Philosophical Issues in Crime & Mental Illness
Union Square Room 22, Fourth Floor, Tower 3
HILTON SAN FRANCISCO UNION SQUARE
San Francisco 94102
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Christian Perring, Ph.D. Dowling College
Peter Zachar, Ph.D. Auburn University Montgomery
John Z Sadler, M.D. UT Southwestern Medical Center
For better or for worse, crime, criminality, and mental illness have been connected in Western societies in spite of the Enlightenment effort to parse out different kinds of social deviance For the 25th Anniversary meeting of AAPP, our theme focuses on the complex relationship between the concepts of “criminal vice” and “mental disorder.” The relationships between criminality and mental disorder can be organized around 10 themes: (1) mental disorder as a criminal excuse or compromise in criminal/moral responsibility; (2) the “mad versus bad” problem – whether some mental disorders such as psychopathy are moral failings that are being labeled diseases as well as the converse – whether criminality is a disease; (3) the proper role of mental health care in criminal justice settings – adult and juvenile; (4) the differing conceptual and epistemological standpoints of law and psychiatry (for example the nature of evidence in jury trials versus experiments); (5) conceptual and ethical issues in forensic psychiatry and psychology – questions ranging from whose interests does the practitioner serve, to capacity to stand trial or be executed, to duties to warn; (6) the ethics of psychiatric research with criminal offenders; (7) issues of consent and voluntarism in psychiatric treatment of criminal offenders (8) particular issues concerning the social control of deviance, such as sexual predator laws, the role of punishment, rehabilitation, containment, and deterrence in penal approaches, and as well as care of the mentally ill in penal systems; (9) issues around the doctor-patient relationship in working with mentally ill offenders in inpatient and outpatient settings; and (10) miscellaneous issues including conceptual issues in criminal profiling, the concepts of victim and victimization, the use of the DSM in forensic settings, and the issue of forgiveness of offenders in mental health settings. Abstracts may address one or more of these aspects.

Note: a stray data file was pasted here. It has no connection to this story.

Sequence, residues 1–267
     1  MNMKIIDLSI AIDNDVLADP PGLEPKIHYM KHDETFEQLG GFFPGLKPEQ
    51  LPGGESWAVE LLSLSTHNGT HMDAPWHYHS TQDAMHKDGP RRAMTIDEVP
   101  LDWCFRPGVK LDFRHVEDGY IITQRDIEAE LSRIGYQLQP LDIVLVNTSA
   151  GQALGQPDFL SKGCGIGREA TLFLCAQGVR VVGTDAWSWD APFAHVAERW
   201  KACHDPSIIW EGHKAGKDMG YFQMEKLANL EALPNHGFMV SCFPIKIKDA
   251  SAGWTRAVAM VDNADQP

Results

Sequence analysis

Full Presentations will be strictly limited to 20 minutes, followed by 10 minutes for discussion.
A Poster Session is offered for a limited number of abstracts in additional to Full Presentations. Abstracts will be blindly reviewed, so the author's identifying information should be attached in a coversheet separate from the abstract text, giving names, degrees, academic affiliations, and e-mail addresses of authors and co-authors
Abstracts should be 500-600 words and should be sent via email by October 15, 2012 to both Christian Perring (email@example.com) and Peter Zachar (firstname.lastname@example.org). Notices of acceptance or rejection will be distributed in December.
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